Slats, NFP was in its’ infancy. I don’t remember it ever being discussed since mention of sex was taboo in the church. Because of the difficult times and temperature readings for ovulation it was thought too risky even by her doctor. Dr. Einterz told me “if your intent is to practice contraception for the purpose of not procreating… what difference does it make how it is done”?

  2. Katie says:

    To the author of this post: it is impossible to take anything you have to say seriously when you misconstrue facts. And also when you reference Lady Gaga.

    1. Slats says:

      If you’re going to come here and accuse Joshua of “misconstruing facts,” you had two choices – 1) tell us all what’s been misconstrued and have some credibility, or 2) present no alternative account, thus looking completely ridiculous and having far less credibility than you accuse Joshua of having. Guess which one you chose!

    2. Slats says:

      Katie, on further reflection, re-reading Joshua’s original post and your response, for most of what he wasn’t really giving blow-by-blow accounts of the Diocese of Columbus decisions, motivations, the facts of this particular case, etc., to which you could present an alternate timeline and information. He was presenting the Catholic perspective of why, from what we know of the what has been released about the situation, the protesters complaints are off base. The information, explanation, and distinctions Joshua is presenting are true, particularly with regard to that portion of his post beginning with “Not quite…” and ending with “…lost in this discussion it seems.” They aren’t “facts” in terms of events, deeds, etc., but they are true in terms of a Catholic perspective. Fundamentally and irrefutably, from a Catholic perspective, there is a distinction between actions and inclinations in the sexual arena and in approaching the same-gender attraction issue. There’s really nothing substantive that you could say to rebut that portion, and if you are accusing him of “misconstruing facts” with regard to that section, you are incorrect.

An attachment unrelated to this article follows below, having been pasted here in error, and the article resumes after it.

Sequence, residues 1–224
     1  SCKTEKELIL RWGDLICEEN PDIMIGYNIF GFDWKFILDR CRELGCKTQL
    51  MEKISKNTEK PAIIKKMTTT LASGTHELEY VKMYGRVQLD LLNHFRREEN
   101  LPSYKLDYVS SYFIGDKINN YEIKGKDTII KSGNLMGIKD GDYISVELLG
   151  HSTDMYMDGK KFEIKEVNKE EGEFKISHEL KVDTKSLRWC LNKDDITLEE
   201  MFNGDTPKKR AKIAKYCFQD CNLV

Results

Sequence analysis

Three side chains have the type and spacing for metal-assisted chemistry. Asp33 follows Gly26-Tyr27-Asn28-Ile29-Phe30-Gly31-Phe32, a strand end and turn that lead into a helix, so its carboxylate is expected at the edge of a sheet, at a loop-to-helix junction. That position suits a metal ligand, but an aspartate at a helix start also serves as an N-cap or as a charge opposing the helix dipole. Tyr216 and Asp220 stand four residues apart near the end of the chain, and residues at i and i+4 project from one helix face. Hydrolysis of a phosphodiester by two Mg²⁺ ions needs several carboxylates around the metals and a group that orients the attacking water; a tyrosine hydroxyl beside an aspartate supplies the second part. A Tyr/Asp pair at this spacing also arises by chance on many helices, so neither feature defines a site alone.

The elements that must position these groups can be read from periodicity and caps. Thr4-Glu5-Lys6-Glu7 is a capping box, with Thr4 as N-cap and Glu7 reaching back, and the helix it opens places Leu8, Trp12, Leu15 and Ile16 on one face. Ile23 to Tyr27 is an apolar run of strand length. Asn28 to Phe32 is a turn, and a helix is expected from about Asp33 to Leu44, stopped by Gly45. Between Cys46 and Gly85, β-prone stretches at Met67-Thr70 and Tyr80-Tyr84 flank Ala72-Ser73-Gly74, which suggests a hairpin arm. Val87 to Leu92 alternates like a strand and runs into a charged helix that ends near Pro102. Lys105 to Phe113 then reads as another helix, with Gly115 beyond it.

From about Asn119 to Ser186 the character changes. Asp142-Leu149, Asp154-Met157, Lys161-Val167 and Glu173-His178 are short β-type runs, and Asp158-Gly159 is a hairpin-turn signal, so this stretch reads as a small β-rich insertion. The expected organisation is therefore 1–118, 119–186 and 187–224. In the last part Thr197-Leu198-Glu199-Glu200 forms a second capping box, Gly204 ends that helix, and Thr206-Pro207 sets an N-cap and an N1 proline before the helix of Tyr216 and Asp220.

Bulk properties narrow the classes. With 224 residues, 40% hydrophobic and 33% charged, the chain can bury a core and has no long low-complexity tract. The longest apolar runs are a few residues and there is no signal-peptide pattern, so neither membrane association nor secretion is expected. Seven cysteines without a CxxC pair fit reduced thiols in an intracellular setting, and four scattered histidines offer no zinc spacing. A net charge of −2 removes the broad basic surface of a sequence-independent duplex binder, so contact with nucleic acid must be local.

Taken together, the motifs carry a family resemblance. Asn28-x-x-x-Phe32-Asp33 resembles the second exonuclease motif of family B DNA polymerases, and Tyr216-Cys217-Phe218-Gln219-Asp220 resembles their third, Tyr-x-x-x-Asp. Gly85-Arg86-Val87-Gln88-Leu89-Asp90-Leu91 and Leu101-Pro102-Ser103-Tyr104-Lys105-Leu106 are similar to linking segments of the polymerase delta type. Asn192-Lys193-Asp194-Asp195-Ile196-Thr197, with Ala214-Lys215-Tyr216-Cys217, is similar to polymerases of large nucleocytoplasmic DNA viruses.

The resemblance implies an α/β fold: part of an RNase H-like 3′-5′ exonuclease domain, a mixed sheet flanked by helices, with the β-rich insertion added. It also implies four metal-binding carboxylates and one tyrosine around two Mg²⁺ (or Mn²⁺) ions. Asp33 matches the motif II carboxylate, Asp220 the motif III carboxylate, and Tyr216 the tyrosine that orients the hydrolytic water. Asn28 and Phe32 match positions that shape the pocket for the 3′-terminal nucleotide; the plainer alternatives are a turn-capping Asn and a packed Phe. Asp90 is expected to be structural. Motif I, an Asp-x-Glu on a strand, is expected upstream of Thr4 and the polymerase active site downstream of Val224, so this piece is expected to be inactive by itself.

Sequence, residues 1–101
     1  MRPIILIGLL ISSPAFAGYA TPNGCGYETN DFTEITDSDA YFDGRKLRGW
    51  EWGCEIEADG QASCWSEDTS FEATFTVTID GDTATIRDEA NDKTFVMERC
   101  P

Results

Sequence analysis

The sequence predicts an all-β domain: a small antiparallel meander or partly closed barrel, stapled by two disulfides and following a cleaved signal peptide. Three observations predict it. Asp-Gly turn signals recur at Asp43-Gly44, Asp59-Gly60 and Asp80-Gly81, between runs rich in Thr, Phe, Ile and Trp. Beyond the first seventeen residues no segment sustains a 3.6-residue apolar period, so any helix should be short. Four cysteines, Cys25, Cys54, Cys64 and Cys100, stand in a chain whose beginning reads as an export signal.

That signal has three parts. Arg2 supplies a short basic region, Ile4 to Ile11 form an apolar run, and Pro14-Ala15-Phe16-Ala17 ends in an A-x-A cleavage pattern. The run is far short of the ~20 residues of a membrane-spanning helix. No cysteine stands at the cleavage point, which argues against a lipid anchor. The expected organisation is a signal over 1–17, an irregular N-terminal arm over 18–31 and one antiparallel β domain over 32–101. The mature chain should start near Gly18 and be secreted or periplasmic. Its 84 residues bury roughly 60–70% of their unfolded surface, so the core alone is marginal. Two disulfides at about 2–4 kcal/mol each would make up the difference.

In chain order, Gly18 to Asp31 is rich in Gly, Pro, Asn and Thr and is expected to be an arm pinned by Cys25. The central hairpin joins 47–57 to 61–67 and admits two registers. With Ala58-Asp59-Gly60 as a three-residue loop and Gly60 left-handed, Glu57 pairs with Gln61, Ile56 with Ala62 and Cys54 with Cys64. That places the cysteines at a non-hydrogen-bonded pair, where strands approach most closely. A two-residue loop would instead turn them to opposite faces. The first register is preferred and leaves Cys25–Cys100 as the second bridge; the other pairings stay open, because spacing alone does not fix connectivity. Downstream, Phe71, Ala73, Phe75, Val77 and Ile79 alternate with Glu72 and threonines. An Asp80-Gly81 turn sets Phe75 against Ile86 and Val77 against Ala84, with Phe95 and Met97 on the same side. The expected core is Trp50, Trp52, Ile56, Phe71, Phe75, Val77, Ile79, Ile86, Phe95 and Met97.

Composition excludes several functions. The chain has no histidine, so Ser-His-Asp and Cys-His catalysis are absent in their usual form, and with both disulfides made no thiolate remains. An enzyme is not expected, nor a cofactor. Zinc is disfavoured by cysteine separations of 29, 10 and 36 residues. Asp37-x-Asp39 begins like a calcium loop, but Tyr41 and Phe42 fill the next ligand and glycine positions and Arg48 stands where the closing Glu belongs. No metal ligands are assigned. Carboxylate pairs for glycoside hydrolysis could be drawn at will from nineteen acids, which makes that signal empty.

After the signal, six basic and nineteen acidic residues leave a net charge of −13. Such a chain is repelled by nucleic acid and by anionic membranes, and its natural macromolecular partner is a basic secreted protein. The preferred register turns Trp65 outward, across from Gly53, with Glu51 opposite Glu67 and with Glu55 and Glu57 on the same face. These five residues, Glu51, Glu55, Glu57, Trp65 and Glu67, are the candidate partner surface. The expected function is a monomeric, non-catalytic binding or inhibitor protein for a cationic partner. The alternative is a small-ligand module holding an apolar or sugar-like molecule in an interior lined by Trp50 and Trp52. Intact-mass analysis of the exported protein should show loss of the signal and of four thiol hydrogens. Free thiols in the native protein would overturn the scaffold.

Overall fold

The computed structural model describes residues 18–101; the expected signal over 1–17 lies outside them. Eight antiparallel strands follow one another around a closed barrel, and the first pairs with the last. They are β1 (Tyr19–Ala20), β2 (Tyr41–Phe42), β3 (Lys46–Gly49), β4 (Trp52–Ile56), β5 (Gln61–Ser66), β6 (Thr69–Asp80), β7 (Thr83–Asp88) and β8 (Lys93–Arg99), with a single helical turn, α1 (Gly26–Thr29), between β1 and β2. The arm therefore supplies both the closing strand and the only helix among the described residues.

Once again, if you have anything to refute his quotations of the protesters or his observations at the end (i.e. “The Diocese of Columbus…” onward), either present a case, or concede your own dearth of credibility.